- The Washington Times - Wednesday, October 15, 2003

Greater Southeast Community Hospital will stay open for at least two more weeks while the D.C. Department of Health decides whether to close the troubled facility, health officials said yesterday.

For the past two months, Greater Southeast, the primary facility for low-income residents in the District, has been operating under an August consent agreement between hospital administrators and D.C. health officials.

Under the agreement, the hospital was allowed to stay open for two months if it addressed failures in five major areas, including fire safety and emergency-room staffing

That agreement expired Monday, but D.C. Health Department officials said it may be several weeks before Greater Southeast’s fate becomes clear. Until then, the hospital will be allowed to stay open.

Health Department spokeswoman Vera Jackson said hospital regulators will spend the next two weeks studying inspection reports so they can make a recommendation on the facility’s fate by Nov. 1.

The Health Department’s latest inspection reports show that the hospital has made some improvements in the past two months. Inspectors found improvements in staffing, a reduction in waiting time and better management practices, the reports show.

Still, the hospital emergency room closed several times in August because of a shortage of nurses. A CT scan machine also malfunctioned, the reports showed.

Miss Jackson said the inspectors also are awaiting other documents from hospital administrators. Those documents are due Tuesday.

A closure of the hospital would seriously affect the city’s health care system, as Greater Southeast is the linchpin of Democratic Mayor Anthony A. Williams’ plan to privatize health care for the poor.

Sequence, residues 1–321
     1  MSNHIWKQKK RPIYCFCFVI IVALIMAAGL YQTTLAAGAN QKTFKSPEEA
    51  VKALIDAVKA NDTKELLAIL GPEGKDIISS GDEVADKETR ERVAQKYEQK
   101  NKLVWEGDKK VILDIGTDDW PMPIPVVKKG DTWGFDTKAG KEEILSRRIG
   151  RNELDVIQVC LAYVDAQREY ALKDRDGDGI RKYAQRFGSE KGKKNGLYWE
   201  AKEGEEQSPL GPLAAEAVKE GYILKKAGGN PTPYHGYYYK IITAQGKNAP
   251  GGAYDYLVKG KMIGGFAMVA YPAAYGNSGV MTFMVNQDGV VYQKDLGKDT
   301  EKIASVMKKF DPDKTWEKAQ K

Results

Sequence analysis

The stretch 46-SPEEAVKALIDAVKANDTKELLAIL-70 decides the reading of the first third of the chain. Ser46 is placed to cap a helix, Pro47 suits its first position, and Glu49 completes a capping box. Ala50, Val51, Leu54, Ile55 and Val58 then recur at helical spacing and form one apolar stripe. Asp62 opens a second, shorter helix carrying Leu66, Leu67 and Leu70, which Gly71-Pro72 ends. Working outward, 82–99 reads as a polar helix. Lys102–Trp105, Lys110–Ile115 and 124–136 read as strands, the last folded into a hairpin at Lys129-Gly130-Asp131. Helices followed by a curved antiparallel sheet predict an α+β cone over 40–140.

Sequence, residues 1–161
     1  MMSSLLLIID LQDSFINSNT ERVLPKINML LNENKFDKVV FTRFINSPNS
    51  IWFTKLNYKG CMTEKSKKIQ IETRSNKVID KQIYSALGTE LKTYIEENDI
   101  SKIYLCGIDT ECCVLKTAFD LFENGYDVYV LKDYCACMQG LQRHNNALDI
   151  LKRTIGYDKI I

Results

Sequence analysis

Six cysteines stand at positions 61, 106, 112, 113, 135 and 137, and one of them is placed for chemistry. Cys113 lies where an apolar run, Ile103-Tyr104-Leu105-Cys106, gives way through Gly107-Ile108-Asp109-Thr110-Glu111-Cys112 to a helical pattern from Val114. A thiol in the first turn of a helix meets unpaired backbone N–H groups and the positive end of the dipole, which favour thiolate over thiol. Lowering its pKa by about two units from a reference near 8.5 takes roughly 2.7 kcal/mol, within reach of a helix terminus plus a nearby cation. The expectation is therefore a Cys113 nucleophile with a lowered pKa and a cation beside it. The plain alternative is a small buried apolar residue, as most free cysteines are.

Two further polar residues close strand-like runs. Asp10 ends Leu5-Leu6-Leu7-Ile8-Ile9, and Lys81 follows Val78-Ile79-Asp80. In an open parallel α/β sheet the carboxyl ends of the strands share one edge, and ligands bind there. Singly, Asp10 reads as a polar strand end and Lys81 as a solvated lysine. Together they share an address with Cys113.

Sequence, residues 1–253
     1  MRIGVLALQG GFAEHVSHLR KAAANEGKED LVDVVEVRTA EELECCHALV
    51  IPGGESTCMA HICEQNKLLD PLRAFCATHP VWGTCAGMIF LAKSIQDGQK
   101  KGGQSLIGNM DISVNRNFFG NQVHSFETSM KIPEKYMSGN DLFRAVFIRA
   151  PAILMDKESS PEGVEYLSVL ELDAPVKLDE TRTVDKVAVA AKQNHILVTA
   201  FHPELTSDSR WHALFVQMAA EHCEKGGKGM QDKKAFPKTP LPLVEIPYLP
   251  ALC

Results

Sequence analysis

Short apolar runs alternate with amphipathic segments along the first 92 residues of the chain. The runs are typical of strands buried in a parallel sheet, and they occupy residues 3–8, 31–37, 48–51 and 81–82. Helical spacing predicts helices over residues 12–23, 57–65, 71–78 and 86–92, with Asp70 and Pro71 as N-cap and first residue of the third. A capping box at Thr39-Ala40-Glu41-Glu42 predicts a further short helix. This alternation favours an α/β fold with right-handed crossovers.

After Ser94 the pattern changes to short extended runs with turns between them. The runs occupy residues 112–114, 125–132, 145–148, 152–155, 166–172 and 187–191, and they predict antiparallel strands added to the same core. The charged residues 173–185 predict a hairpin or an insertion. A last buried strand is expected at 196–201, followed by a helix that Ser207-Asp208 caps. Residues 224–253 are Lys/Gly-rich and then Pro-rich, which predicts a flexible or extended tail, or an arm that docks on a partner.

Greater Southeast, the only city hospital east of the Anacostia River, receives much of its funding from the D.C. Healthcare Alliance, which is financed by the city.

Doctors Community Healthcare Corp. (DCHC), the Arizona-based company that owns Greater Southeast, declared bankruptcy last year. On Tuesday, U.S. Bankruptcy Court Judge S. Martin Teel Jr. set an Oct. 28 deadline to submit bids to acquire the company’s assets. The judge scheduled the sale of those assets for Dec. 10.

Sources involved in the proceedings said attempts to attract buyers have been hampered by questions about whether Greater Southeast will be able to keep its license.

A group of executives from DCHC are among those bidding to take over the hospital.

DCHC Chief Executive Officer Paul Tuft met privately with Greater Southeast doctors last week. But neither the physicians nor company officials would comment on the talks.

Mr. Tuft’s company has been criticized for its Greater Southeast operations since buying the facility three years ago.

The company spent millions on bonuses for executives and more than $700,000 lobbying D.C. politicians and contributing to local political campaigns as troubles continued to build at Greater Southeast.

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